"Carrier optimism, along with their drive to balance freight networks, builds interest in acquisitions," adds Mikes. "Gaining customers and capacity in key lanes will improve carrier profitability."
While voice technology has been widely used in many different supply chain applications, industry has yet to fully reap its benefits, according to Voice Information Associates’ 2013 Voice Technology in the Supply Chain (VSC) market report.
The Acton, Mass.-based speech technology research company projects 22.6-percent compound annual growth in the VSC market for 2012 through 2017. A growing recognition among adopters that ROI payback periods are extremely short, based on improvements in productivity and accuracy, is driving that forecast. Still, voice penetration in distribution centers is approximately eight percent, says the report.
The research reflects how voice-directed applications are gaining traction across distribution centers and industries.
"In the past, voice was a picking-centric technology," notes Bruce Stubbs, industry marketing director for distribution center operations at Everett, Wash.-based technology solutions provider Intermec. "Typically, 60 percent of labor in a DC is involved in picking, so it was easy to sell voice technology into those situations.
"Today, however, companies are trying to enhance their initial investment, and take advantage of the efficiencies, ergonomics, and safety that voice enables—expanding the use of voice in fork and packing applications, and inventory control," he says.
Any repetitive function can benefit from having both hands and eyes free. Voice technology is also crossing over industry verticals, reaching a tipping point, suggests Tom Singer, principal for Raleigh, N.C.-based materials handling integrator and supply chain consultant Tompkins International.
"We’ve installed voice-picking solutions for years, but they tended to be a one-off application, restricted to particular industry verticals—companies in the grocery industry, for example, that had the foresight or a specific need," he says.
Voice Technology in the Supply Chain Grows Louder
Voice solutions have become more flexible and affordable, and many WMS vendors provide necessary integration. While picking has always been a focal point, companies are now expanding its application to receiving, putaway, and quality control.
The use of voice-enabled hardware and software solutions also dovetails with the need for greater mobility in the warehouse. Companies are moving away from rigid layouts. They want flexibility, whether it’s in managing multi-channel fulfillment or mediating seasonal demand and inventory fluctuations. This changing dynamic plays well with Intermec’s business.
"Companies are looking at multi-purpose devices," says Stubbs. "Businesses that deploy a voice-enabled mobile computer or vehicle mount can use that mobile computer in all warehouse processes: receiving inventory; performing scans and image captures for quality control and load condition purposes; putting it on a belt and picking with it; putting it in a docking station on a forklift and using it for putaways and replenishment.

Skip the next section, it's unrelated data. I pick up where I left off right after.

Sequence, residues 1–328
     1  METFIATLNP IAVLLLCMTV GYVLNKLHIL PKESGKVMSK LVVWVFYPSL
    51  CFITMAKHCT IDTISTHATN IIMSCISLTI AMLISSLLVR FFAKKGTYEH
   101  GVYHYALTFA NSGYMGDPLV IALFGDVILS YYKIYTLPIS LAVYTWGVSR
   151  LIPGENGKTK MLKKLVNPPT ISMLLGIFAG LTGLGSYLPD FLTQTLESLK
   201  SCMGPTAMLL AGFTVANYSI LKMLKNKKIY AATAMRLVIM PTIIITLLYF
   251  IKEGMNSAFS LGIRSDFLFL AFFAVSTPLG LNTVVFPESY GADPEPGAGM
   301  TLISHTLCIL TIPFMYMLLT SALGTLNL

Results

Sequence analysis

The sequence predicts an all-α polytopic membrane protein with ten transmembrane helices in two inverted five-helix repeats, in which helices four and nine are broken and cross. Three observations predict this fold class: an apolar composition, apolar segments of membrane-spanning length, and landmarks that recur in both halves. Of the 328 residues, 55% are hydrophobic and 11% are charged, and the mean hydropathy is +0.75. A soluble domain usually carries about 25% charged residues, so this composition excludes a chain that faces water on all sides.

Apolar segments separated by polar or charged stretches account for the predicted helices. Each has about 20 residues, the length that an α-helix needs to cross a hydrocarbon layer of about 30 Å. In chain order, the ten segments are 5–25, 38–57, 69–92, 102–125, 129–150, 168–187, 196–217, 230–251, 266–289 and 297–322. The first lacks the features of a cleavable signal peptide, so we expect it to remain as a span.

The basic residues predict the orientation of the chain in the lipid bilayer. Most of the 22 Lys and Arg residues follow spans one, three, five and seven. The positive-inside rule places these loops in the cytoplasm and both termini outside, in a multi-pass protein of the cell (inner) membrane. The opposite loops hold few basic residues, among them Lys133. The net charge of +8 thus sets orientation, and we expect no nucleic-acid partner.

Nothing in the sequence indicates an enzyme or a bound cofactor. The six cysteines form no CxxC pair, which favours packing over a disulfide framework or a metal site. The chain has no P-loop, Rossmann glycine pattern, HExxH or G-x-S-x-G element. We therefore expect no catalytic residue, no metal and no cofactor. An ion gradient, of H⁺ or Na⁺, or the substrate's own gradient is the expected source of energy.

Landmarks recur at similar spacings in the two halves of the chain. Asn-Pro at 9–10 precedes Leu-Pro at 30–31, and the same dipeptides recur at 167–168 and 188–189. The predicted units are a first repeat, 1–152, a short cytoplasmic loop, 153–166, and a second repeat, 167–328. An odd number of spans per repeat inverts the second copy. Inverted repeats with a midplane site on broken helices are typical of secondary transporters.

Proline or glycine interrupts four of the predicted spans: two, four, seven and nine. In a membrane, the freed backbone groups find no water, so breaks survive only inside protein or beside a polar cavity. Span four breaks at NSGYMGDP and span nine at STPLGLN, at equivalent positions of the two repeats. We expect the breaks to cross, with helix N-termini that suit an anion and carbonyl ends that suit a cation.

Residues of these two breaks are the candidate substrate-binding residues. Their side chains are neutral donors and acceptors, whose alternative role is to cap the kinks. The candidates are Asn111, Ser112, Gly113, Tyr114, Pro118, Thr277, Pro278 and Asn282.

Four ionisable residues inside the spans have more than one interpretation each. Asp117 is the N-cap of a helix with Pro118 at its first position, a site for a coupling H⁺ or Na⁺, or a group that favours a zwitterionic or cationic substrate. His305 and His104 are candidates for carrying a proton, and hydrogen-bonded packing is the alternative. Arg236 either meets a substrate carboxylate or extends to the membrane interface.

"They can also turn around and pack or load with it," he adds.
Healthcare providers could benefit from a dose of retail supply chain therapy, according to a new University of Arkansas study.
"The retail industry has a long history of adopting automation, complemented by scientific and mathematical models, to improve supply chain operations," explains Ed Pohl, associate professor, Department of Industrial Engineering, University of Arkansas.
"Conversely, healthcare has been relatively slow to adopt these methods," he adds. "The healthcare supply chain might gain efficiencies by adopting best practices from the retail supply chain."
Pohl and his colleagues surveyed healthcare and retail managers to better understand the gaps between the two supply chains, and to learn how each might benefit from sharing best practices.
The retail supply chain has done a better job in the critical area of collaborative planning, forecasting, and replenishment, which involves suppliers and retailers working together to adopt order forecasting and inventory planning to create an integrated supply chain network.
Healthcare is struggling to keep pace with retail in another critical area: scanning and tracking applications, as well as professional training and education—specifically the skills associated with materials management, purchasing, and warehousing.
Higher-revenue respondents—large retail stores and hospitals—are more likely to have implemented best practices.
Across both industries, 80 percent of respondents say the identified best practices had a significant or very significant business impact.
A minority (40 percent) of retail respondents perceive implementation of best practices to be easy or very easy. Surprisingly, most healthcare respondents also find implementation easy—and the costs to adopt best practices cheaper and with a lower minimum rate of return. Overall, retailers lead in implementing best practices, despite their perception that it is difficult and expensive.
The healthcare industry is underestimating the investment necessary to achieve the full benefits of some best practices, University of Arkansas researchers conclude.